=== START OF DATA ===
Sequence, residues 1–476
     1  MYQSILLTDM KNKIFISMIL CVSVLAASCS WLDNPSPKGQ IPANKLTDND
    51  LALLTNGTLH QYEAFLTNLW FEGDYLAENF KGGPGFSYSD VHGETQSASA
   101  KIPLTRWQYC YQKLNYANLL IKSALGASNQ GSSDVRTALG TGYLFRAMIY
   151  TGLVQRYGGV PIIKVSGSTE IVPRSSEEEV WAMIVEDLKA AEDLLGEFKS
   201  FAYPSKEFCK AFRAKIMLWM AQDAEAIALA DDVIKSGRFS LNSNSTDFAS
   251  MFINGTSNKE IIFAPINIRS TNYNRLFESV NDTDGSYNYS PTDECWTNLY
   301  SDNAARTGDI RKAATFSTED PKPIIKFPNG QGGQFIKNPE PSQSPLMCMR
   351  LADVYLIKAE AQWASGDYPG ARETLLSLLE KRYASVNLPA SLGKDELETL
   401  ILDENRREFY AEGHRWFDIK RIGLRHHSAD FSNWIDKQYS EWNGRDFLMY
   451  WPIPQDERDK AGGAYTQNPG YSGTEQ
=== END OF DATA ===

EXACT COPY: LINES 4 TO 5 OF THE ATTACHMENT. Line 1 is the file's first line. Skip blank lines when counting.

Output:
   101  KIPLTRWQYC YQKLNYANLL IKSALGASNQ GSSDVRTALG TGYLFRAMIY
   151  TGLVQRYGGV PIIKVSGSTE IVPRSSEEEV WAMIVEDLKA AEDLLGEFKS